Dawn Classrooms > Biographies
Dawn Classrooms > Biographies
Aristarchus (310–230 BC), a Greek astronomer and mathematician, designed a method to measure the distances to and sizes of the Sun and the Moon. Because he deduced that the Sun was so much bigger than the Moon, he concluded that the Earth must therefore revolve around the Sun.
Aristotle (384-322 BC), a Greek physician and philosopher, believed that the universe had never had a beginning and would never end, that it was eternal. In his treatise Meteorology, he describes meteors, comets, and the Milky Way as “atmospheric phenomena.” Although Aristotle's writings were based on first-hand observation, they were later used to impede observational science.
Johann Bode (1747-1826) was a German astronomer of the Academy of Science in Berlin from 1772 to 1825 and director of the Berlin Observatory from 1786. His most noted contribution to astronomy is the Uranographia (1801), a collection of star maps and a catalog of 17,240 stars and nebulae. In 1772, he devised a formula to express the relative distances of the Solar System planets from the Sun. This formula sometimes referred to as Titius' Law, the Titius-Bode Law, or Bode's Law.
Tycho Brahe, (1546-1601), a Danish astronomer working in Germany, made a remarkable star catalogue of over 1000 stars based on his significant improvements of methods and accuracy in observations. His wall quadrant and other instruments were widely copied and led to improved stellar instruments. Kepler used Tycho Brahe's observations when he constructed his famous laws of planetary movement.
Nicolas Copernicus (1473-1543) was born Mikolaj Kopernik. This Polish amateur astronomer and clergyman is said to be the founder of modern astronomy. After studying astronomy at the University of Kraków, he spent a number of years in Italy studying various subjects, including medicine and canon law. Sometime around 1500, he lectured in Rome on mathematics and astronomy. In 1512, he settled in Frauenburg, East Prussia, where he had been nominated canon of the cathedral. There he performed his canonical duties and also practiced medicine. In 1530, Copernicus completed and gave to the world his great work De Revolutionibus Orbium Coelestium, which asserted that the Earth rotated on its axis once daily and traveled around the Sun once yearly. That treatise was not published until 1543, when Copernicus was on his deathbed. His beliefs concerning the universe came to be known as the Copernican system.
Galileo Galilei (1564-1642), a scientist, author, and astronomer, discovered the satellites of Jupiter, the rings of Saturn, the changing shape of Venus, sunspots and solar rotation. His Juvenilia, dating from 1584, was mostly paraphrases of Aristotelian physics and cosmology. Galileo's rising reputation as a mathematician and natural philosopher (physicist) gained him a teaching post at the University of Pisa in 1589 and in 1592 at the University of Padua in the Venetian Republic. In 1604, Galileo publicly declared that he was a Copernican. Galileo succeeded in making a workable and sufficiently powerful telescope with a magnifying power of about 40. He turned the telescope toward the sky sometime in the fall of 1609, and within a few months, he gathered astonishing evidence about mountains on the Moon, about moons circling Jupiter, and about an incredibly large number of stars, especially in the belt of the Milky Way.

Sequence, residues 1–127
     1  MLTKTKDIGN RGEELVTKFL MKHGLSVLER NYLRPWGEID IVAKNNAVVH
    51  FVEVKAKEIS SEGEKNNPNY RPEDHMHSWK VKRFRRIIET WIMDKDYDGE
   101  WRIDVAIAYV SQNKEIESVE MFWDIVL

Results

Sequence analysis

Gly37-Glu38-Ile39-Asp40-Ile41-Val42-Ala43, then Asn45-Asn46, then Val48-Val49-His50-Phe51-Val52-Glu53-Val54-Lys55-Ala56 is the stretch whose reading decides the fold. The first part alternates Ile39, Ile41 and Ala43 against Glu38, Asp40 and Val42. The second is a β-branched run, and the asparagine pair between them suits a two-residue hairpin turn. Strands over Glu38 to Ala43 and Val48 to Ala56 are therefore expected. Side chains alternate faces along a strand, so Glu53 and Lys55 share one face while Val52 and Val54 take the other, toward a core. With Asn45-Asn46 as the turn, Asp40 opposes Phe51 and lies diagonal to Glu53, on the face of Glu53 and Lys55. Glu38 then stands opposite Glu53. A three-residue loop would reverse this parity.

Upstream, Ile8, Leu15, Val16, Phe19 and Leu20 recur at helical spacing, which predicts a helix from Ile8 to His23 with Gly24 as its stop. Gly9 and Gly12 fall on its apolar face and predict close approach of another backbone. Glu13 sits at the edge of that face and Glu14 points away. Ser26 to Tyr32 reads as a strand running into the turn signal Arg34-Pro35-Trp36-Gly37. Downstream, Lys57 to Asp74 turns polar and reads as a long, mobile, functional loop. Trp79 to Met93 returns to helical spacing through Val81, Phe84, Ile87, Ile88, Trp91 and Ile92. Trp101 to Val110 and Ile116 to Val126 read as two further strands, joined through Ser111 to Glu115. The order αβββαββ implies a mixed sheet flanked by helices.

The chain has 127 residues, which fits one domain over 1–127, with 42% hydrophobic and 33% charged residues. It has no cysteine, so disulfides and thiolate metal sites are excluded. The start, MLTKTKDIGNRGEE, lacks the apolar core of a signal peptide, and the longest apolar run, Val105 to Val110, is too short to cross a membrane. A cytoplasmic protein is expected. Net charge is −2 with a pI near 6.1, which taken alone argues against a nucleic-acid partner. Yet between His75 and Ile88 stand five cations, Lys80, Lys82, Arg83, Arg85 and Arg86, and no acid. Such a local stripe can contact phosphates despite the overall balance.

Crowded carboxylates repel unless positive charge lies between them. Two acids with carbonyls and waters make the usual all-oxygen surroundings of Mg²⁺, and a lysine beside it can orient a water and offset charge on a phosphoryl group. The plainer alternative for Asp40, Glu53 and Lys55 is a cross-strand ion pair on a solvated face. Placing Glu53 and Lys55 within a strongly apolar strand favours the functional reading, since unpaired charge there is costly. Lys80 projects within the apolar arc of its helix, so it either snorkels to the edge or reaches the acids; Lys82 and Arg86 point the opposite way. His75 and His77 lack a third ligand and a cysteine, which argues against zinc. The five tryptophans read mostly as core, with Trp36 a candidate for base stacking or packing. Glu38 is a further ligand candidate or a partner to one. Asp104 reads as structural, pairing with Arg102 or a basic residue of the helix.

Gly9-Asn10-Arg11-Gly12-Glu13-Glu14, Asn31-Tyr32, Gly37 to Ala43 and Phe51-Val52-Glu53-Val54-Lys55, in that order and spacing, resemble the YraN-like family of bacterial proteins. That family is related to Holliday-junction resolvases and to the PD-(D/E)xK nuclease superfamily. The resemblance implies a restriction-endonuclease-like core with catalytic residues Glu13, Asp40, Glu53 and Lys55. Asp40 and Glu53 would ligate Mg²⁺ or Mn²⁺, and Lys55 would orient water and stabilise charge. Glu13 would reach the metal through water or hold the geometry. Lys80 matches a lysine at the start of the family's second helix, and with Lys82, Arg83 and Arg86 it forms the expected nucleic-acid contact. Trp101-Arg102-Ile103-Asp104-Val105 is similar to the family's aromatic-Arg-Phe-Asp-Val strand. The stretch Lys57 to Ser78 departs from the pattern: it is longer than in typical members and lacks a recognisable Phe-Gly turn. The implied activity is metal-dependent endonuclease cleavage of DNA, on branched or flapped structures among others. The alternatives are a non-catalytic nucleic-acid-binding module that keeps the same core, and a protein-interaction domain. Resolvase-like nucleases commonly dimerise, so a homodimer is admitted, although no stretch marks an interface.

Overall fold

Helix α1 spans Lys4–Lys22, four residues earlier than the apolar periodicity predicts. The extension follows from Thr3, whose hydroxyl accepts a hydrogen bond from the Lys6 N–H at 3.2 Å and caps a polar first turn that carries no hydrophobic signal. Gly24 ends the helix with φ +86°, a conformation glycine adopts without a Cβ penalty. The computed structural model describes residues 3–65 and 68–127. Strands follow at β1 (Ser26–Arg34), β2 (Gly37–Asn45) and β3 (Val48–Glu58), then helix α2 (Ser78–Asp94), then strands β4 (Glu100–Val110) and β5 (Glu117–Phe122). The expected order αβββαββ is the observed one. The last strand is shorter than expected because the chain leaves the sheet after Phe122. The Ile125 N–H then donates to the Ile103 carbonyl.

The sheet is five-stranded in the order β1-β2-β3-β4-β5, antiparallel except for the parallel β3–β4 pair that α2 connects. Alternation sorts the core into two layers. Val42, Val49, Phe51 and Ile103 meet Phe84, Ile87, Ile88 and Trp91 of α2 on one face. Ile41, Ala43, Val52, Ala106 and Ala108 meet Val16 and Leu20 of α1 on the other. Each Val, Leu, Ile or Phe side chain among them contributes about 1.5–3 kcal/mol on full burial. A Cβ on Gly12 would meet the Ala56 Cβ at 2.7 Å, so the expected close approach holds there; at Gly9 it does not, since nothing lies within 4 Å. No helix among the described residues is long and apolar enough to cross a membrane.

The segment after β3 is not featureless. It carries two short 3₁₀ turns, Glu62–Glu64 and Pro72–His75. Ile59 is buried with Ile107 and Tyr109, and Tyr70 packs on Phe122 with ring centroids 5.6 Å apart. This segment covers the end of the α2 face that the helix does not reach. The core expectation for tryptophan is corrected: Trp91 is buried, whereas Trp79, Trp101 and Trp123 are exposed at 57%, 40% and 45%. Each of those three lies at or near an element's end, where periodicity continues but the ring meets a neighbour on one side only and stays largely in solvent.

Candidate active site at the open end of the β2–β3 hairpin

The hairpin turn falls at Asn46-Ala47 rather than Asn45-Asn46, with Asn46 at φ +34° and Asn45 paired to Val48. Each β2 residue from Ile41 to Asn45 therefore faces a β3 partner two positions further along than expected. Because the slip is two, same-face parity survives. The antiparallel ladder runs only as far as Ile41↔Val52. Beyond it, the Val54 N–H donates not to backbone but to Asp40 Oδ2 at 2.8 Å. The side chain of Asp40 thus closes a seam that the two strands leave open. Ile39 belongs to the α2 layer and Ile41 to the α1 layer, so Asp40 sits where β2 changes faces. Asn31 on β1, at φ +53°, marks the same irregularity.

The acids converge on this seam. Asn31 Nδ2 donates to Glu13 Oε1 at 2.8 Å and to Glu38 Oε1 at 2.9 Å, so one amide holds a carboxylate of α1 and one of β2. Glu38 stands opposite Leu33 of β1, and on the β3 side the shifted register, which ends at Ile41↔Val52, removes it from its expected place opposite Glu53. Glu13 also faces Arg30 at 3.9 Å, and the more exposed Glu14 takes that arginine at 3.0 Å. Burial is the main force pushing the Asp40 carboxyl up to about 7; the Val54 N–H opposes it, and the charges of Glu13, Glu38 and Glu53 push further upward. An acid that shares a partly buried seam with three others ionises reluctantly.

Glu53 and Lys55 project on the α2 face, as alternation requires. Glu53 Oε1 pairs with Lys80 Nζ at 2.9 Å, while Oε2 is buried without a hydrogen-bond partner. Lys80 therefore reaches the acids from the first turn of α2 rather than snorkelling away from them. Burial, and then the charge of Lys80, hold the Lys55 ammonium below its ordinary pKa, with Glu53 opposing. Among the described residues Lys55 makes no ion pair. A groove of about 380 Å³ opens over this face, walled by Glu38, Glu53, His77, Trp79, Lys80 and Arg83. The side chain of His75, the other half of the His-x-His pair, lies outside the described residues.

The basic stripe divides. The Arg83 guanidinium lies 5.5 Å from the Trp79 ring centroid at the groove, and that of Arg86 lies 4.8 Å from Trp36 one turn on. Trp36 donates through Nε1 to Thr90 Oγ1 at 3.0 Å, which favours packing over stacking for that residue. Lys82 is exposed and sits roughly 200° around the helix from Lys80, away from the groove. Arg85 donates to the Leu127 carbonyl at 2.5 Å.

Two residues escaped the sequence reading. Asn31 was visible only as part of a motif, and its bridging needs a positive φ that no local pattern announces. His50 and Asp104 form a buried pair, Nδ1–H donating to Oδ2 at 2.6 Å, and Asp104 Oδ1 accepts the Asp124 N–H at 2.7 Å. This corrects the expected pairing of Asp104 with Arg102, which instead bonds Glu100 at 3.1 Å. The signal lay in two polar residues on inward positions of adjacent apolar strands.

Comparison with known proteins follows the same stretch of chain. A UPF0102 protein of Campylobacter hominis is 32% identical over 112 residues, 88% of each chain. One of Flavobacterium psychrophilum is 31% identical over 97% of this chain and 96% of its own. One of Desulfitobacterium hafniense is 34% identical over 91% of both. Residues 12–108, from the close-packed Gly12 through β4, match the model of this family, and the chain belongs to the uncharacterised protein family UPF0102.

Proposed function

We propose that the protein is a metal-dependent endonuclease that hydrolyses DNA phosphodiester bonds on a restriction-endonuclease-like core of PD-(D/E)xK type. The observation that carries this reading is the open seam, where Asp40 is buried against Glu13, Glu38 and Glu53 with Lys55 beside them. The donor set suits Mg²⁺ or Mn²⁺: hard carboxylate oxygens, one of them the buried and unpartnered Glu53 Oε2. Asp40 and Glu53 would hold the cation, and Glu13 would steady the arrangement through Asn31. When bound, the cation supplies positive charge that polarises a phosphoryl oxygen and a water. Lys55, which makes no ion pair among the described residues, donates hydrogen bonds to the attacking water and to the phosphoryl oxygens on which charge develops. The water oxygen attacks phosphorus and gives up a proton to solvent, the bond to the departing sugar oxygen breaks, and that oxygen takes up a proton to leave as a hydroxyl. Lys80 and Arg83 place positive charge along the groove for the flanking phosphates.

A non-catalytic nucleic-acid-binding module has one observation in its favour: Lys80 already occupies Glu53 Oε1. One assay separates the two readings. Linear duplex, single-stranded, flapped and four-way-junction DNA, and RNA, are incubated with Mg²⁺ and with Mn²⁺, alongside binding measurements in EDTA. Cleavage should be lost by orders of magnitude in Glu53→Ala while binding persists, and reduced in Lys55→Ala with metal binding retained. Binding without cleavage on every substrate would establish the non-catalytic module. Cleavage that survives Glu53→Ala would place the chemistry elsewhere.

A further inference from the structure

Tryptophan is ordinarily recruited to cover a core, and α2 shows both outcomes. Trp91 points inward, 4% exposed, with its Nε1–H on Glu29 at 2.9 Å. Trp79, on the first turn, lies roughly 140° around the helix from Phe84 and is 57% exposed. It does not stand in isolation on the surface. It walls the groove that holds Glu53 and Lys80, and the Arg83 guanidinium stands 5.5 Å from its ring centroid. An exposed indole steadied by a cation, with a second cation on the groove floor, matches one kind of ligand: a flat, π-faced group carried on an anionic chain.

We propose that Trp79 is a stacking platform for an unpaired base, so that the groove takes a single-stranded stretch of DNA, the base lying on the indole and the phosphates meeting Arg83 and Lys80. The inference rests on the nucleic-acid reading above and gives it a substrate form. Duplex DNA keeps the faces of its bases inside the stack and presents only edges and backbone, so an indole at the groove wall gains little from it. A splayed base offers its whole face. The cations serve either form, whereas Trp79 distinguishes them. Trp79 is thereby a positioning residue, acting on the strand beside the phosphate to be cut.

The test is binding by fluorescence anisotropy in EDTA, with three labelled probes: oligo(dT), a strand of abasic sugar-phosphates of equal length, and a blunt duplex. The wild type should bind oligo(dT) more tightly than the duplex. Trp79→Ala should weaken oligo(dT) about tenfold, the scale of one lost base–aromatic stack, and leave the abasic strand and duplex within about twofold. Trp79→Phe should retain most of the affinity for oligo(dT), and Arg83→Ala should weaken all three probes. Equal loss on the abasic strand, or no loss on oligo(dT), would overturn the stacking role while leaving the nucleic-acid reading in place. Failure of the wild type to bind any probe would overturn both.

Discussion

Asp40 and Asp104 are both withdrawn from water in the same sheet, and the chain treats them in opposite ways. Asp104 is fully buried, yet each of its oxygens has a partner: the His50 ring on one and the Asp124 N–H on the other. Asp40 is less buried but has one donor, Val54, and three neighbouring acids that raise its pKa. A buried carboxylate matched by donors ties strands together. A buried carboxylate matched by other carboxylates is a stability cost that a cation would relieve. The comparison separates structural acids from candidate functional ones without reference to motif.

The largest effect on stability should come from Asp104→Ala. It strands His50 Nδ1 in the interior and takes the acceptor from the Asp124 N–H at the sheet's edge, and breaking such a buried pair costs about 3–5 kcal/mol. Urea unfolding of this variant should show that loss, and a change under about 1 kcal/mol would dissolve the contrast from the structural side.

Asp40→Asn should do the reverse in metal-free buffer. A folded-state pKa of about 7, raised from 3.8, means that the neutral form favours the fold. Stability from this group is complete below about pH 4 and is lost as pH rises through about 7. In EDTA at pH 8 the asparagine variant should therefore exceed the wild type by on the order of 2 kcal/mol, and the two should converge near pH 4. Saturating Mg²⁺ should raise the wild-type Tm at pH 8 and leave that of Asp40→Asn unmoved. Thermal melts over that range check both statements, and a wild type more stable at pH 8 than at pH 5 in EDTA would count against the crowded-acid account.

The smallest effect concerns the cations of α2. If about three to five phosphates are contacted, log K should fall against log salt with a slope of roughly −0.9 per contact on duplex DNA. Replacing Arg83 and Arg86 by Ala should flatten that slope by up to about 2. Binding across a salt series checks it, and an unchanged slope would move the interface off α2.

Annibale de Gasparis (1819 –1892) was an Italian astronomer. His first asteroid discovery was 10 Hygeia in 1849. Between 1850 and 1865, he discovered eight more asteroids. From 1864–1889, he was the director of the Capo di Monte Observatory in Naples. He won the Gold Medal of the Royal Astronomical Society in 1851. The lunar crater de Gasparis with a 30-kilometer diameter is named in his honor, as well as the Rimae de Gasparis, a 93-kilometer long fracture near the crater, and asteroid 4279.
Carl Friedrich Gauss (1777-1855) was a German mathematician, a giant among mathematical giants. As a young man, he made fundamental contributions to number theory, for which he invented the theory of congruences, a basic tool to this day. His theorems on line and surface integrals lie at the heart of modern physics and are essential for understanding electromagnetism. Gauss was one of the discoverers of non-Euclidean geometry. He conducted experiments to determine whether space was flat, negatively curved, or positively curved by accurately surveying a large triangle with vertices at three mountain tops, then seeing whether the sum of the interior angles is equal to zero, less than zero, or greater than zero. He found space to be flat, within the limits of experimental error. Gauss developed many computational tools and applied them to computing the orbits of planets and moons.
Tom Gehrels (1925- ), Dutch-American astronomer, was involved in the Palomar-Leiden Survey, observing smaller areas of the sky and making brightness and distance measurements of some 1,800 asteroids. In 1971, Gehrels edited the first text on asteroids and organized the first asteroid conference in Tucson, Arizona. He was the founder and General Editor of the Space Science Series of the University of Arizona Press. He helped to set up Spacewatch, a project at the University of Arizona that specializes in the study of minor planets, including various types of asteroids and comets. Dr. Gehrels and his colleagues observe with the 0.9-meter and 1.8- meter Spacewatch telescopes on Kitt Peak, which detect mostly main belt asteroids but also near-Earth asteroids. Spacewatch discovered a moon of Jupiter, now named Callirrhoe, which was originally mistaken for an asteroid, and recovered 719 Albert (a long-lost asteroid).